Music Business Manifesto
From Our 2001 White Papers
The basic business model for the American
Music Industry works something like this:
The creative artist, through a great
deal of sweat equity and a modest financial investment, builds
a marketable product.
An executive or A&R person from
a major record label discovers the product, and decides it's
The label advances the artist money
to spend recording an initial release, using the label's production
talent, studios, pressing facilities, art department, and
If the label promotes the resulting
product effectively, enough units are sold to recoup the production
and marketing costs (which usually were income for the label
in the first place), at which point the artist receives a
percentage of the revenues. Usually a paltry 3%-5%.
More often, the product is poorly
produced or promoted, and fails to sell enough units to recoup
the initial costs. This means the artist sees no income, and
likely owes the label for the advances to create the initial
A standard recording contract is usually
for a combination of a defined number of releases or a specific
period of time. Typically something like 4-5 recordings and/or
If the initial product fails to move,
the label is very unlikely to invest in a second release.
This means the artist is bound by a contract with a company
that won't let them release any material, and worse, won't
allow them to sign with another label to generate income.
This is presumably because the original label can utilize
the failed artist as a tax loss by keeping them on their roster,
and not making any money on them. Fun!
A ridiculously small number of signed
artists get enough attention from the label to benefit from
the relationship, and even when they do move units, the distribution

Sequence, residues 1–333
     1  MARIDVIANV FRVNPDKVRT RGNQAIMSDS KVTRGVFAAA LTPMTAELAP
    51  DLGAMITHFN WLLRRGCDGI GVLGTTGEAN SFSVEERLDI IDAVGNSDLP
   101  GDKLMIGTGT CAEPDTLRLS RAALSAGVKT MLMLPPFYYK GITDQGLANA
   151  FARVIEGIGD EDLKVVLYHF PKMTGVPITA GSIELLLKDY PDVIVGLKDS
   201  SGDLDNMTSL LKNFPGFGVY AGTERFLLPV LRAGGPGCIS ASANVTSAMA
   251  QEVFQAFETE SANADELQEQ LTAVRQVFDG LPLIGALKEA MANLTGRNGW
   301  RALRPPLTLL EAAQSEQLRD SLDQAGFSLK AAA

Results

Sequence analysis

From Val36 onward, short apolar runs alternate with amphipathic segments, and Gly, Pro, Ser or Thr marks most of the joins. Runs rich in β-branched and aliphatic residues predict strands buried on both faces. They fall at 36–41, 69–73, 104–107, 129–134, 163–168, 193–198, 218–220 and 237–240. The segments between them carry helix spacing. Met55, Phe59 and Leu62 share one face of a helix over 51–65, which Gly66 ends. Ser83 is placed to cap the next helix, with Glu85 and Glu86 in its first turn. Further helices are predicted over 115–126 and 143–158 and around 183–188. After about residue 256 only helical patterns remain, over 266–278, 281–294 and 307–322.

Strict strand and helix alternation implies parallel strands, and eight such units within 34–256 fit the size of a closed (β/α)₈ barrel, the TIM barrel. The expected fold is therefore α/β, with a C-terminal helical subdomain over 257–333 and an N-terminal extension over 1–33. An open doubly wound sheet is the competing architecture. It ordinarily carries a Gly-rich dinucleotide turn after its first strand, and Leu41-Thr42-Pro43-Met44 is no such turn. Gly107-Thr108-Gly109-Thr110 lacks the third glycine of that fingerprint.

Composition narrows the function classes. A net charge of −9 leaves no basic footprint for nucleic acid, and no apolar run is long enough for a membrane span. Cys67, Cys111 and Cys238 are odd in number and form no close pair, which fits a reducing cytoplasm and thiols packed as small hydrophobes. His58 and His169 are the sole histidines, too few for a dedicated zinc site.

of the income generated and the resulting pricing structure
is ludicrous, by any sane standards.
The cost of the physical media (the
CD) is usually well under a dollar per unit; much of the promotion
is paid for through touring and third-party promotional relationships
with producers of youth-targeted products like beverages and
jeans; and in spite of this, the end-user ends up paying nearly
twenty dollars retail for the resulting product.
Let's recap this:
The artist creates a marketable product
through sweat equity and personal investment.
The label charges the artist to repackage
and distribute the product, making money at each step.
The artist makes money if they're
fortunate enough to be a statistical anomaly.
The consumer pays easily twice what
they need to for for 30 minutes of music on media that holds
This doesn't make a lot of sense to us.
We see a lot of possibilities for:
Trimming the fat otherwise referred
to as a record industry executive.
Putting a broader variety of music
in the consumer's hands at a lower price.
Putting more money in the artists'
pockets for their investment of time and money.
If as an artist, manager, distributor, or
investor you'd agree, please contact
us about the business model we're developing. We'd be
very interested in learning what you think, and perhaps building
a working relationship with you.
Last Updated: April 2005